Sounds like your home repairs were needed! And glad you had fun in Vermont- it looks beautiful.
Definitely needed! The absence of a wall and working shower would’ve made for a less than optimal Thanksgiving :). Vermont was so, so, so beautiful. I want to be there now!
Nice work guys – quick question: when you take off your mortgage, isn’t that your capital contribution or your capital plus interest?
At first, I thought your expenses were pretty substantial, but looking that you have included business (Frugalwoods) expenses and this mortgage payment, it looks pretty…frugal! 🙂
That turkey looks amazing, by the way!
That mortgage lineitem is the full PITI (Payment, Interest, Tax, Insurance). We have a fixed rate 30 year mortgage, so the principal paid is pretty small 3 years in 🙂
Right – why is that you have a line to remove this from your expenses then? Isn’t only the capital part that isn’t an “expense”?
I’m only asking because in our launch of our 2015 savings challenge this morning, we only include the capital repayment (principal repayment) as “savings”, and the others as expenses. This seems like the right way to do it from an accounting perspective, but I just want to make sure that I’m not misunderstanding how US mortgages work by doing this.
Any advice – and obviously your involvement in the challenge 😉 – would be most welcome!
We choose the (expenses-PITI) number to focus on because we plan to retire to a paid-off homestead. While the “TI” will still apply, the “PI” won’t be a factor in our everyday budgeting.
So this number is “what we would have spent on the farm”-ish per month, which we use for projecting out our revenue needs in early retirement. The PITI of our current house will continue to exist, just as a separate section of our finances since it will be a profit generating rental.
That make sense? Sorry, I totally didn’t understand your question the first time! 🙂
Makes sense – thanks for the clarification.
Glad that Frugal Hound was able to partake in Thanksgiving dinner. 🙂 Your AirBnB stay seem to have paid dividends beyond a place of rest! Your hosts were really kind to spend a few hours helping you to become more familiar with your future terrain.
She was one happy hound with that turkey! She and Mr. FW kept peering through the oven door to watch it cook. For some reason, turkey is her absolute favorite food–too bad for her that we only have it once a year!
Agreed about Airbnb, it ended up being a really worthwhile experience–both for fun and future plans.
We had a similar issue with trying to lower the cost of our internet only subscription last week. the associate over the phone could not understand that we didn’t want cable and almost ended up upgrading our service without us realizing!
Yes! Glad we’re not the only ones. They just could not comprehend our lack of cable, which is odd because it doesn’t seem that unusual to me. But what do I know, I’m a frugal weirdo 😉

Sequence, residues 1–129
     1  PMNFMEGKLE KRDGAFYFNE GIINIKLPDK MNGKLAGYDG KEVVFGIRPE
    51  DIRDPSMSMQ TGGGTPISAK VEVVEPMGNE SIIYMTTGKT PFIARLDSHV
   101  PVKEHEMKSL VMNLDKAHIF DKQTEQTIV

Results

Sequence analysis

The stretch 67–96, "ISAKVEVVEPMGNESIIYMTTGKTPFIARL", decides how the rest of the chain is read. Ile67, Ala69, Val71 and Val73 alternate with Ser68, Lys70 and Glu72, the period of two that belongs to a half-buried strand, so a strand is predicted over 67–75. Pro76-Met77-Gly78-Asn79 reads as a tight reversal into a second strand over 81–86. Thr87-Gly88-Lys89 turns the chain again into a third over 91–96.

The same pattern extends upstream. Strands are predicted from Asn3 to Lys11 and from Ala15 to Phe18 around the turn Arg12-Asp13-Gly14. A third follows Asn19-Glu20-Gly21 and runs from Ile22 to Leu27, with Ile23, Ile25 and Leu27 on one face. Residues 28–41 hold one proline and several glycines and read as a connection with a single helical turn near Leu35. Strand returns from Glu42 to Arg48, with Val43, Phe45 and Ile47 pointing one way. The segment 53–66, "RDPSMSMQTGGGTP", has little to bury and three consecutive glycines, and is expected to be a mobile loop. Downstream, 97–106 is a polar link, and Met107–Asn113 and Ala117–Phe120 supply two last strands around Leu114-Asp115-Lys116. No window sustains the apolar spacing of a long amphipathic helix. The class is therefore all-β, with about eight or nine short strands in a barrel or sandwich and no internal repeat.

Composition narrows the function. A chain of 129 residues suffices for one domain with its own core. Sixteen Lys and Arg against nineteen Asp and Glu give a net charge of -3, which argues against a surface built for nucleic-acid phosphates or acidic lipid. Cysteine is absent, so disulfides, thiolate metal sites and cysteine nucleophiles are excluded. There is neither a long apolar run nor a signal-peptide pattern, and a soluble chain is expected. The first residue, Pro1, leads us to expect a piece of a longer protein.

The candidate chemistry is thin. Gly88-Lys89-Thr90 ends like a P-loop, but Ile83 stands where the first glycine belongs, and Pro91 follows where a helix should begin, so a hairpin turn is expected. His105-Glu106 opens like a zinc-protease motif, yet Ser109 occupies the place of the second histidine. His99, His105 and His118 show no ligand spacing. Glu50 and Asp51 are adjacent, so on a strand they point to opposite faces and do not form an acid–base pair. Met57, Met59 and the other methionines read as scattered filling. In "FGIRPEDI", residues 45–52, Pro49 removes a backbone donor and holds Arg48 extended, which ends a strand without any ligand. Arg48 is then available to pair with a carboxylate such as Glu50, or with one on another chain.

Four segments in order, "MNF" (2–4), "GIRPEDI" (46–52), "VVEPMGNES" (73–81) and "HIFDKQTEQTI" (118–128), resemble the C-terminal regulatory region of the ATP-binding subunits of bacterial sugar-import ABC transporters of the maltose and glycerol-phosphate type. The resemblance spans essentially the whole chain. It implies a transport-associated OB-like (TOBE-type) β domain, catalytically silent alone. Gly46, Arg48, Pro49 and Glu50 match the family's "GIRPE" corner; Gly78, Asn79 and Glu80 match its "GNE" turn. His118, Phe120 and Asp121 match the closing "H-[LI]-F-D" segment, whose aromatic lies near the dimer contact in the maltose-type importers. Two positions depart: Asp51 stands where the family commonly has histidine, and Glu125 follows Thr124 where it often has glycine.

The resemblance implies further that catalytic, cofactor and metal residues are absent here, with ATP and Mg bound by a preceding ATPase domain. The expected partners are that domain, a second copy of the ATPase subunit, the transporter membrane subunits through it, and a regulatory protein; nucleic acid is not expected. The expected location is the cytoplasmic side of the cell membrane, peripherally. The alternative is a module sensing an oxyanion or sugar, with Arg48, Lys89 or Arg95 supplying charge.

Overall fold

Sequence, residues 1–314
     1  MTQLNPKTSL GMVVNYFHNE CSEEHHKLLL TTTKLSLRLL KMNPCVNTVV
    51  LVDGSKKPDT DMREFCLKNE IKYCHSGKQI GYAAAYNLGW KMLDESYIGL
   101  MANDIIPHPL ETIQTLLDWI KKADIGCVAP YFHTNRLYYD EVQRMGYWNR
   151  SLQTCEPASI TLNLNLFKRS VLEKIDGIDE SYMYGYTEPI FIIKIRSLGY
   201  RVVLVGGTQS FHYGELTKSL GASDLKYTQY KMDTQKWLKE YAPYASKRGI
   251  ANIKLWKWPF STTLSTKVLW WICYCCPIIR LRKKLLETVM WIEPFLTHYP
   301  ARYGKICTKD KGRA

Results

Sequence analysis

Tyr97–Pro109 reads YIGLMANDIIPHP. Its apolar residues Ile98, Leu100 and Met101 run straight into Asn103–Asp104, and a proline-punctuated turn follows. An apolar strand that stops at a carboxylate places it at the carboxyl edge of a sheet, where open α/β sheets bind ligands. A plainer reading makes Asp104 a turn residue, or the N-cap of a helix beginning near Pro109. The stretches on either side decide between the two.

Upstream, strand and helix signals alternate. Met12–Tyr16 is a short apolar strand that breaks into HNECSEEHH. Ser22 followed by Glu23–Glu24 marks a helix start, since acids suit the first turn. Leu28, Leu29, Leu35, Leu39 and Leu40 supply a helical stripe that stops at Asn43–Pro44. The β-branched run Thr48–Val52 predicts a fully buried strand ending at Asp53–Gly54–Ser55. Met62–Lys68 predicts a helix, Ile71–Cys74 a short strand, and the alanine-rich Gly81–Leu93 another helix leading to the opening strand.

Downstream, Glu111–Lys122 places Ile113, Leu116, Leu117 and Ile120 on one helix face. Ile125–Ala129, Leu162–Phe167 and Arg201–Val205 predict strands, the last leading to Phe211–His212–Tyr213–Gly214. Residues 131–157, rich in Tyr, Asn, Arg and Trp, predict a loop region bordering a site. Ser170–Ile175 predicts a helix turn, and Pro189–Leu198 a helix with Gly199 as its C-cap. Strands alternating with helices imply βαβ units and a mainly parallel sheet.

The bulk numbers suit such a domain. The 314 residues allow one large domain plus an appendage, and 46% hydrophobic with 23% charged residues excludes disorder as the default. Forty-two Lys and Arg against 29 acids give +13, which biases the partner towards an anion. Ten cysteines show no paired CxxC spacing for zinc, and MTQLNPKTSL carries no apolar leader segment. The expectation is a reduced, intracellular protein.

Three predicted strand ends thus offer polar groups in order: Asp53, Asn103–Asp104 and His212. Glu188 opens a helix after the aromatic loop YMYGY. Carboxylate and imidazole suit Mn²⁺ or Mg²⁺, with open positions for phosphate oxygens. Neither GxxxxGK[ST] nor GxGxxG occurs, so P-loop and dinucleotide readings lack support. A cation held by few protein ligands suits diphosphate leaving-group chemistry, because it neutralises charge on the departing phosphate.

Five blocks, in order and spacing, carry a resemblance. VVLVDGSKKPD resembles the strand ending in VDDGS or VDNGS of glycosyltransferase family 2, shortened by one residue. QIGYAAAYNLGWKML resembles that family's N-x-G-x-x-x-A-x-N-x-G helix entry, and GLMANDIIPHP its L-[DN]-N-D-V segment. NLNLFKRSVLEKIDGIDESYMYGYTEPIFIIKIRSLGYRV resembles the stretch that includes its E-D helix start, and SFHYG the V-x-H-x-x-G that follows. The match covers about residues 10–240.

We had the same problem recently, a salesperson wanted to offer us internet access that cost more and that was slower than what we have with our current provider. They just couldn’t grasp why the cable service thrown in for free wouldn’t change our minds…
Hah, yeah, I was like: “Ummm… I don’t think you understand”. And she really didn’t.
I think the homestead picture looks a little like your banner picture. Someone posted above how they are not into blog posts where bloggers post every expense, I do like reading yours because I know every expense is thought out and not an impulse (maybe not the seltzers) but I like to see what you guys value. You did help me finally bite the bullet and subscribe to a Canadian finance magazine that I have been thinking about for months. It’s only $26 for the year and my library does not have it so I told myself if the super FRUGALwoods do it then so can I. I seem to have gotten myself in to the rut where I over think EVERY purchase even the owns that are a no brainer.
Oh those photos do kinda look the same, don’t they! I guess we like woods around here :). Glad you enjoy our expenses–it’s definitely a lot of detail. I think that carefully considering every purchase is a good thing, but there’s certainly a balance with not over-thinking it too much. I’m always more comfortable with expenses that’ll yield a long-term benefit (like your magazine) and much more wary of short-term things like a lunch out.
If house hunting for homesteads with your realtor doesn’t super motivate you for your early retirement, then I don’t know what would! That’s awesome and inspiring.
For reals! We are super duper motivated. It helps to see your goal/dream in living color (and dollar signs 🙂 )–nothing quite like it to motivate frugality.
Love the stream in the woods. If you passed that up, I can’t wait to see what you pick! Sounds like you had a really fun, and busy, month.
We love that stream too–it’s still in the running at the moment. Can’t wait to see what we pick either ;)!
Realize I just made a terrible (or is it awesome…) pun with running stream
The place you stayed in Vermont looks amazing!! I will have to get the contact details from you. I am glad to hear that you had a successful Thanksgiving and despite the extras for November, you still did a great job. Plus, I REALLY love the phrase frugantic! I am totally stealing it, but I will give you credit. 🙂
It was seriously amazing! I’ll email you the exact details, ping me if I forget. Glad you like frugantic–I was pretty pleased with myself on that one 🙂
I’m very intrigued by AirBnB. I’m hoping I can convince Mr. Maroon to give it a shot for our next trip. You obviously had a great experience. Would you ever consider renting out your space?